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  • Shauna Rush


Updated: Feb 4, 2021

This article was originally published on December 18th, 2019.

2019 was a great year for rugby, with the sport seeing a ground-breaking Rugby World Cup taking place in Asia for the first time.

Japan hosted an amazing tournament that saw South Africa crowned world champions, after defeating England 32-12, while the tournament also broke a multitude of records.


After 45 games played over six weeks, fans witnessed 2,196 points scored across the 3,600 minutes of rugby played.

The enduring image of South Africa’s Siya Kolisi (@SiyaKolisi_Bear) lifting the Webb Ellis Cup, the first black man to do so as captain, was perhaps a fitting end to a tournament in which underdogs shone.

A win for Uruguay over Fiji in the group stages. While host nation Japan defeated two of the sport’s more established nations, Ireland and Scotland, to finish top of Pool A. England also dethroned much-fancied New Zealand in the semi-final before they themselves ran into an inspired, immovable South Africa side who in the end proved too strong.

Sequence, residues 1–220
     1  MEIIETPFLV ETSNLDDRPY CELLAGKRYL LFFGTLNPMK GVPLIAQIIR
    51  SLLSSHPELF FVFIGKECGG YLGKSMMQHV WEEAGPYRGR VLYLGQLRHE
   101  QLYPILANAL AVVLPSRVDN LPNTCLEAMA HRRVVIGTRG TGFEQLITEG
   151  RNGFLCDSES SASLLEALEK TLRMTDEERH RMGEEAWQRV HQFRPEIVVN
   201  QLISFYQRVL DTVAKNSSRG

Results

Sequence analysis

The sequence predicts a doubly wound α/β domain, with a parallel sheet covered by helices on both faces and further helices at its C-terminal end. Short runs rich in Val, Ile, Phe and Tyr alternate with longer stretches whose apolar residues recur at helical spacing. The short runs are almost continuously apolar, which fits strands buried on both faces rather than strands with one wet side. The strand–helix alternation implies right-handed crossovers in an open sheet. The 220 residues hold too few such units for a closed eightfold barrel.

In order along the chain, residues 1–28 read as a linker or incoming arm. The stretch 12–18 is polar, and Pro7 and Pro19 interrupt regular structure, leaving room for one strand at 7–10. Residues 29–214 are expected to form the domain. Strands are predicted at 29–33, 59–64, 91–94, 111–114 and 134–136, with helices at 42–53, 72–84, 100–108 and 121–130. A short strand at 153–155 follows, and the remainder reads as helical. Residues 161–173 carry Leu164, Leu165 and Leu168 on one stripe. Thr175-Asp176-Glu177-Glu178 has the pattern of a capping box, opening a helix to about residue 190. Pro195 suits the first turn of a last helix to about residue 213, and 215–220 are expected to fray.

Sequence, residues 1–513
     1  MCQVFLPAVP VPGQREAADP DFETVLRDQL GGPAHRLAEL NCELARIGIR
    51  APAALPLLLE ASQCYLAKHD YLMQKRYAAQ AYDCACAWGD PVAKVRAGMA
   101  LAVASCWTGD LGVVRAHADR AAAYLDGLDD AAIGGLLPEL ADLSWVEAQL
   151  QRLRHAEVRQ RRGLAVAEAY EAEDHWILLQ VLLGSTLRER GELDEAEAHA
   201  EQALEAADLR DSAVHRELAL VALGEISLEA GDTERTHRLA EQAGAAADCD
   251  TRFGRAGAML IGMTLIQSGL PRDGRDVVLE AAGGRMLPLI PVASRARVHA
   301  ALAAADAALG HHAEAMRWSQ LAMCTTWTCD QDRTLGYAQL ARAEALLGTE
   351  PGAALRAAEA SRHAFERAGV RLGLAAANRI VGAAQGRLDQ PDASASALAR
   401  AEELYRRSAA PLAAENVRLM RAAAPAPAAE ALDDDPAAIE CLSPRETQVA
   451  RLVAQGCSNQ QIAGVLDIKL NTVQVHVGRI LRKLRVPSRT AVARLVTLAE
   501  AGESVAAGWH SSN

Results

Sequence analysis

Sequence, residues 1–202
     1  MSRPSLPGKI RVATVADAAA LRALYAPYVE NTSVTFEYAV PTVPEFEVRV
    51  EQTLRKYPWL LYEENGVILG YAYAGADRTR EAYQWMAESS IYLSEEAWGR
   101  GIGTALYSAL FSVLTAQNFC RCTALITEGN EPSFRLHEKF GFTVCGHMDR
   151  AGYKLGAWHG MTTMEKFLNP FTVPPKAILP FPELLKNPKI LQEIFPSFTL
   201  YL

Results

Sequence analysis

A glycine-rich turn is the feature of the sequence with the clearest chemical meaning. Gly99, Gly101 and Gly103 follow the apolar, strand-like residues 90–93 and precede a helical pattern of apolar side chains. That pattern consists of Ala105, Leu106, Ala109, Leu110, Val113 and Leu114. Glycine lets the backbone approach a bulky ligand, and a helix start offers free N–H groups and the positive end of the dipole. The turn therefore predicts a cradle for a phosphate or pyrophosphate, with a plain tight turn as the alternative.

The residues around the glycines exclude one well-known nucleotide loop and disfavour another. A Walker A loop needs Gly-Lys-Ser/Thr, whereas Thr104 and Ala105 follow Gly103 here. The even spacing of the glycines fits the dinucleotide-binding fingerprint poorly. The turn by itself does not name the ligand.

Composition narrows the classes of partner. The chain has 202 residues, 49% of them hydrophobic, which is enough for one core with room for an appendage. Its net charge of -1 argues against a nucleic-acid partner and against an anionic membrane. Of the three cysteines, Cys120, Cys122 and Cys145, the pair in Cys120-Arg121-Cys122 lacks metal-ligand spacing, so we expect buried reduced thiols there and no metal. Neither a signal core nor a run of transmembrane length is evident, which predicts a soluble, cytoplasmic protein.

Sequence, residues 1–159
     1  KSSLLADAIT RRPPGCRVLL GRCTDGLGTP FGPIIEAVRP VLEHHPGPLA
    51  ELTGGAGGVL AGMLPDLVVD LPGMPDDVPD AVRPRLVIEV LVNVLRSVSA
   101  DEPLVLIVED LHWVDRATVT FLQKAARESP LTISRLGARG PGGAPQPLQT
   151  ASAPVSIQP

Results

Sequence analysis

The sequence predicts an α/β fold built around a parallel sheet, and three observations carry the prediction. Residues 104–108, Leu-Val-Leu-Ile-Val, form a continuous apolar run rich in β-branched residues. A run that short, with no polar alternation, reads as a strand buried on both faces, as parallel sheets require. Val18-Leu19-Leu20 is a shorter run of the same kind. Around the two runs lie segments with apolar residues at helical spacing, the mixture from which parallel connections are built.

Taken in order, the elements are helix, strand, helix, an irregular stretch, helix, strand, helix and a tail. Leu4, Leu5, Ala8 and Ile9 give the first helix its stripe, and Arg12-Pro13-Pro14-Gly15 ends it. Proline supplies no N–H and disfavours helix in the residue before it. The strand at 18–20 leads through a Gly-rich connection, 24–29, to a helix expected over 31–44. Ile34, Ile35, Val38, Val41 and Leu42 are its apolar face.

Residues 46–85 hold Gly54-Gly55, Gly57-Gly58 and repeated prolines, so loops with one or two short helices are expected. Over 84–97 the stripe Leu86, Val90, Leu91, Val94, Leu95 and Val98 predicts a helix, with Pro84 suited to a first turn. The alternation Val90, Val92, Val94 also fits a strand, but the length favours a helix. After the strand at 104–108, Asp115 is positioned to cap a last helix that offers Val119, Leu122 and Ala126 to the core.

The tournament was fully embraced by local Japanese fans, despite pre-tournament fears.

However, World Rugby, the world governing body for the sport of rugby union, recorded a record 99.3% match day attendance across the tournament, with 1.84 million tickets sold across the six weeks.

Unsurprisingly, the most expensive ticket for a pool stage game was for the opening match between Japan and Russia at 50,000 yen ($450). For the final, which saw a record attendance of 70,103, tickets were officially being sold for as much as 100,000 yen ($900), but ticketing resale sites saw those prices soar, with a pair of Category A tickets being sold on StubHub for an eye-watering $31,700.